It shouldn't happen to a veterinary undergraduate, and in particular to an athlete of Laura Muir's undoubted calibre, but for the third time in 2014 the Kinross girl who studies at Alf Wight's alma mater found herself on the suffering end in the cattle market of championship middle-distance racing yesterday.

It was like déjà vu all over again for the 21-year-old Scot as she collapsed to the track and held her hands to her face in despair after being bumped, barged and ultimately run out of contention for a qualifying place in heat one of the women's 1500m on the opening morning of the European Athletics Championships.

It had been a similar story in the 800m heats at the World Indoor Championships in Sopot, Poland, in March, and in the 1500m final at the Commonwealth Games at Hampden a fortnight ago.

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Wight made a name for himself after graduating from the University of Glasgow School of Veterinary Medicine and adopting the nom de plume James Herriot, in honour of Jim Herriot, who won nine caps as a Scotland goalkeeper in the 1960s. Muir, who next month enters her fourth year at the vet school, has put her own name in the record books this year, clocking fine Scottish indoor records at 800m and 1500m and then eclipsing Yvonne Murray's 27-year-old national outdoor 1500m record with a 4min 00.07sec clocking in Paris last month.

Clearly, if the Dundee Hawkhill Harrier is to get her name on major medals she needs to get to grips with the cut and thrust of championship racing. In the Commonwealth 1500m final she was plain unlucky to get temporarily stopped in her tracks by a clipped heel as she prepared to launch her attack in the home straight. Yesterday, however, Muir was tentative from the start. She got bumped, barged and cut up and spent much of the race in lane three, eventually finishing sixth in 4:14.69, outside the top four automatic qualifying spots and not fast enough to claim one of the four fastest-loser places from two heats.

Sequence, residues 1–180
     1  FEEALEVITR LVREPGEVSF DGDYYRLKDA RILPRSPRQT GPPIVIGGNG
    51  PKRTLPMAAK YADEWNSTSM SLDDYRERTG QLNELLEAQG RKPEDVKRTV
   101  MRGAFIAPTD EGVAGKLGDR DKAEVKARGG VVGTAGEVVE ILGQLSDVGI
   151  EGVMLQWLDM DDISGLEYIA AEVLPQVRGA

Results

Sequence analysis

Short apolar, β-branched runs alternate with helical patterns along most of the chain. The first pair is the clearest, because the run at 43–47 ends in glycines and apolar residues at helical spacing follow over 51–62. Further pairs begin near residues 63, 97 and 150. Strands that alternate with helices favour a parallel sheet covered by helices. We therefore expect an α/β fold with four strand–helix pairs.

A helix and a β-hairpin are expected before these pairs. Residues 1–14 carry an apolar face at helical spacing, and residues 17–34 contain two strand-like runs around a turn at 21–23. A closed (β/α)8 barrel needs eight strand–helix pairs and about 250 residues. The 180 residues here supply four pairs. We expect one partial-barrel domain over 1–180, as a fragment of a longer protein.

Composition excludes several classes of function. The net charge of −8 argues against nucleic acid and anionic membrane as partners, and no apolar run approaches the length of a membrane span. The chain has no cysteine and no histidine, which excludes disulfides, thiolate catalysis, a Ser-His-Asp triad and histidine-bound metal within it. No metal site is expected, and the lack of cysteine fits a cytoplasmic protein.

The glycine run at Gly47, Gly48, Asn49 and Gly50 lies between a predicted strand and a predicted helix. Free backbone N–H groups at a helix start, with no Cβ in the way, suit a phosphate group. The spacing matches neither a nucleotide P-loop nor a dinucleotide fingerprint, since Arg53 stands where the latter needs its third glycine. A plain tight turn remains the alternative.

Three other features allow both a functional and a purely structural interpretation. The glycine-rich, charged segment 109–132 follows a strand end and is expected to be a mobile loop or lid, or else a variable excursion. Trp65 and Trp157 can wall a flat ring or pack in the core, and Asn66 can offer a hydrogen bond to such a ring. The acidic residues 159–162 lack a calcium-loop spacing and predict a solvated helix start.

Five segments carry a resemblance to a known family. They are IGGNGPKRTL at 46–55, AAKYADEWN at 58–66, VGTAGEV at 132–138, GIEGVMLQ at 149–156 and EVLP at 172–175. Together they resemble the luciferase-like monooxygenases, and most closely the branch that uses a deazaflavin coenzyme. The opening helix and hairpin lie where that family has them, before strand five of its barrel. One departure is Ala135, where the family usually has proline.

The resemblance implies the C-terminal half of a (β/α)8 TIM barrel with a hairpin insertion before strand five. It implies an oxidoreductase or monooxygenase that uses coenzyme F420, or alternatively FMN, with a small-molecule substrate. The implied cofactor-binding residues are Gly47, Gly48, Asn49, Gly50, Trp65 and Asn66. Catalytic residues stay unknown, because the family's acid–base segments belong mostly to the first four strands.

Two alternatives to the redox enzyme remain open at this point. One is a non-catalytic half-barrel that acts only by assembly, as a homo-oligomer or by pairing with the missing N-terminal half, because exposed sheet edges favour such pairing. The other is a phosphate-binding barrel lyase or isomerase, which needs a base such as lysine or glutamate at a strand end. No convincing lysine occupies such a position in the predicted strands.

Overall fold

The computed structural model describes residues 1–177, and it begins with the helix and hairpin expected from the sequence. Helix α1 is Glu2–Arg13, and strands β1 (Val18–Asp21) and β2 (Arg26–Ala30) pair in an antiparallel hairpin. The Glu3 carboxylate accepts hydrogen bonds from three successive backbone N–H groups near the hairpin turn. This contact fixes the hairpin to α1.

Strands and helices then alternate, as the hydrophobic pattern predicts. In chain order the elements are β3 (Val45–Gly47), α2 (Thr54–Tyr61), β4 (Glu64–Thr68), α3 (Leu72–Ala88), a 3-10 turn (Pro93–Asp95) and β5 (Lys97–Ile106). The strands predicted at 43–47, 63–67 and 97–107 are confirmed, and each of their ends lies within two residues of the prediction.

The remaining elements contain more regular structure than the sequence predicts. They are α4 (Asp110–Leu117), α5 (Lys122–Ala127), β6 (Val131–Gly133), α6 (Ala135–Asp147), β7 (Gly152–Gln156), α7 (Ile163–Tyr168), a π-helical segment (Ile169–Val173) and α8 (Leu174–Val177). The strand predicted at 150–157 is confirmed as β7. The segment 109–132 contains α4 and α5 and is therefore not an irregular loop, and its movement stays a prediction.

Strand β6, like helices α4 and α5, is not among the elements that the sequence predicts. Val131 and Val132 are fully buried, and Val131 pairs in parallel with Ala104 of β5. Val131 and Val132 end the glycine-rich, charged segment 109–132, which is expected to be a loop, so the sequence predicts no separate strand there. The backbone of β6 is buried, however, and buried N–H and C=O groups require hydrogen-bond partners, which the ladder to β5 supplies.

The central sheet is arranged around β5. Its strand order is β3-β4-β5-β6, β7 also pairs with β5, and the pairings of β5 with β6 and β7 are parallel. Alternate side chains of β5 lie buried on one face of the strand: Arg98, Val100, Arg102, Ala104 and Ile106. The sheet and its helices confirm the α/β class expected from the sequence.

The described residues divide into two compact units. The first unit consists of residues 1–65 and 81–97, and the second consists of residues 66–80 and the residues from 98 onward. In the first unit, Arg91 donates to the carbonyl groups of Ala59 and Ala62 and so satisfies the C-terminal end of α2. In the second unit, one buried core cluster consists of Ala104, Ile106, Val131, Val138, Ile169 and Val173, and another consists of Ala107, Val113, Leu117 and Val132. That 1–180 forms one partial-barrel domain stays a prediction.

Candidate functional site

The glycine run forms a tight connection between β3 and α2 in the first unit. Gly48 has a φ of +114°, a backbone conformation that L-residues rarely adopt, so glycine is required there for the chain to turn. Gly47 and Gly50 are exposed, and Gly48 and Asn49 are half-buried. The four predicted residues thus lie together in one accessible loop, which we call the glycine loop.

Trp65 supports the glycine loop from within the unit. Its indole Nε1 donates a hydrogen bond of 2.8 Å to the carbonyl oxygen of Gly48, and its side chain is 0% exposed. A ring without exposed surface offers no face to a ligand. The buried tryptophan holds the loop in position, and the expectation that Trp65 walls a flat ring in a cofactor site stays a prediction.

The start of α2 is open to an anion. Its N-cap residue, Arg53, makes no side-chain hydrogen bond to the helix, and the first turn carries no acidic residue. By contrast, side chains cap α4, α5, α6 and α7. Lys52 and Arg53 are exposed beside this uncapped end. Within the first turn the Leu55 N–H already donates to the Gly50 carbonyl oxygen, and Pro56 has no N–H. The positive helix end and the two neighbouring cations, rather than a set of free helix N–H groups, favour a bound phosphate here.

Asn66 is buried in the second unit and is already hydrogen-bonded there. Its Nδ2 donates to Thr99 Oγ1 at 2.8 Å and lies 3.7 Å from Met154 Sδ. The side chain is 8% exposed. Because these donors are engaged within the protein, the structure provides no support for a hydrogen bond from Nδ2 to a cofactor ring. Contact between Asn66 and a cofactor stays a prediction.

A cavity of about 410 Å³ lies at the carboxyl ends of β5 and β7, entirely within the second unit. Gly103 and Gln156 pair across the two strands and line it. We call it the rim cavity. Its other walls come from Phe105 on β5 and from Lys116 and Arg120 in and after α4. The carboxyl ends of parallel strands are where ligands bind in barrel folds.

"It's pretty gutting," confessed Muir. "When you're ranked third in Europe and you can't get one of the 12 places in the final it's very disappointing. It's harder to take when you've run fast times.

"It was a messy race. I almost fell a couple of times, trying to get past people. That's why I ended up in lane two.

"It was a below-par performance, certainly. Maybe I expected a bit too much of myself. I'll just have to speak to my coach and take it from there."

Muir's coach, Andy Young, has been stressing all year that his young charge has time on her side and that their sights are set on the long-term goal of peaking in 2017, when the World Championships come to London, and beyond.

Still, it must have galled them that the other two British representatives, Laura Weightman and Hannah England, eased through to Friday's final, finishing fourth and fifth respectively in the significantly faster second heat.